Production of cellulosic fiberboard (insulating board) fluctuated throughout the early to mid-2000s, growing from $117.7 million to $156.6 million between 2002 and 2003 before falling to $124.6 million in 2004 and recovering to $149.4 million in 2005. Particleboard shipments rebounded in 2002 to $1.2 billion before dipping to $1.06 million in 2003, but stabilized at $1.3 million in 2004 and 2005. Medium density fiberboard shipments gradually increased from $657.8 million in 2002 to $868.1 million in 2005, as did waferboard and OSB shipments, which increased from $2.04 million in 2002 to $3.97 million in 2005. Hardboard shipments also fluctuated in the early to mid-2000s, climbing from $475 million in 2002 to $622 million in 2003 before falling to $536.5 million in 2004 and $519.8 million in 2005.

More than 400 companies operated in this industry in 2007, with an industry-wide workforce of 20,415 employees and shipments of more than $6.6 million. Reconstituted wood products were responsible for 37.5 percent of market share with $466.1 million in shipments. Most industry firms were in California, Texas, Virginia, North Carolina, and Georgia.

According to industry statistics, particleboard products constituted 9.2 percent of market share with $321.6 million in shipments in 2007. OSB was produced at 13 facilities that generated $2.1 million in revenues. Although hardboard and fiberboard products accounted for only 1.6 percent of market share, the category contributed $617.8 million to the industry total. U.S. waferboard mills produced $129.7 million and hardboard shipments totaled $92.9 million.

Current Conditions

According to Dun and Bradstreet, 410 firms employed 17,400 people and generated combined revenues of $6.07 billion. By the late 2000s, OSB had become a major component of the U.S. construction landscape. In 1980, North American OSB panel production was 751 million square feet; by 2005, North American production totals reached 25 billion square feet. In 2000, OSB had outpaced plywood as the material of choice in panel building materials, and by the late 2000s had secured more than 60 percent of the market.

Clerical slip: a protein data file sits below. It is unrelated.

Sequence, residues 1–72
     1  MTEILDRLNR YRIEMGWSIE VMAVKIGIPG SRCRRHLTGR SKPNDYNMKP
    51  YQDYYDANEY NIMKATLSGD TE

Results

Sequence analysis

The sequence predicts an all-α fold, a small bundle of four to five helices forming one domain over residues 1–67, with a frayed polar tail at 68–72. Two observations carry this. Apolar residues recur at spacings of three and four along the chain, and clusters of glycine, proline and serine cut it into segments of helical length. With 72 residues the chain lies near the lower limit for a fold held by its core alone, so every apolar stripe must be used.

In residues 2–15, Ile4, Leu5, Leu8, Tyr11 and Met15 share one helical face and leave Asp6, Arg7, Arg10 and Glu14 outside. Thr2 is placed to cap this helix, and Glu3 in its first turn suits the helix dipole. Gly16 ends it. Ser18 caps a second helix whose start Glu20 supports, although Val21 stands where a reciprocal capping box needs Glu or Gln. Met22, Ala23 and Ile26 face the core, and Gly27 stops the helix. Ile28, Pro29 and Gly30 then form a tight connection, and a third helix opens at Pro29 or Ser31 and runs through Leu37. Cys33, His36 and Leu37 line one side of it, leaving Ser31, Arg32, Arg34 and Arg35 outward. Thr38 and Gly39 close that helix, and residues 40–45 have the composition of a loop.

At the peak of the housing boom in 2005, U.S. housing starts totaled more than two million; in 2009, following the fallout of the housing market crash, new starts had plummeted to 566,000--the lowest amount since the federal government began tracking the data in 1959. As a result, OSB production facilities were approaching 50 percent operating capacity in 2009, down from over 90 percent in 2005. According to the American Plywood Association, OSB production fell by 56 percent between 2005 and 2009 from just over 25 billion square feet to roughly 11 billion square feet.

MDF fared better than OSB. According to data provided by the Food and Agriculture Organization of the United Nations, U.S. MDF production increased from 3.68 million cubic meters in 2005 to 3.90 million cubic meters in 2006 before declining over the next three years to 2.96 million cubic meters in 2009. Particle board reached production highs of 22.22 million cubic meters and 22.34 million cubic meters in 2005 and 2006. In 2009, production of particle board had dropped off to 13.48 million cubic meters.

Industry Leaders

One of the largest U.S. producers was Louisiana-Pacific Corporation (L-P), with 2009 total sales of $1.7 billion (the majority in wood products). Other companies in this industry included lumber giant Weyerhaeuser Company, of Federal Way, Washington, with 2009 revenues of $5.53 billion; Temple-Inland, located in Austin, Texas, with 2009 revenues of $3.58 billion; and Building Materials Corporation of America, of Wayne, New Jersey, with 2009 revenues of $2.75 billion;

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News and information about Reconstituted Wood Products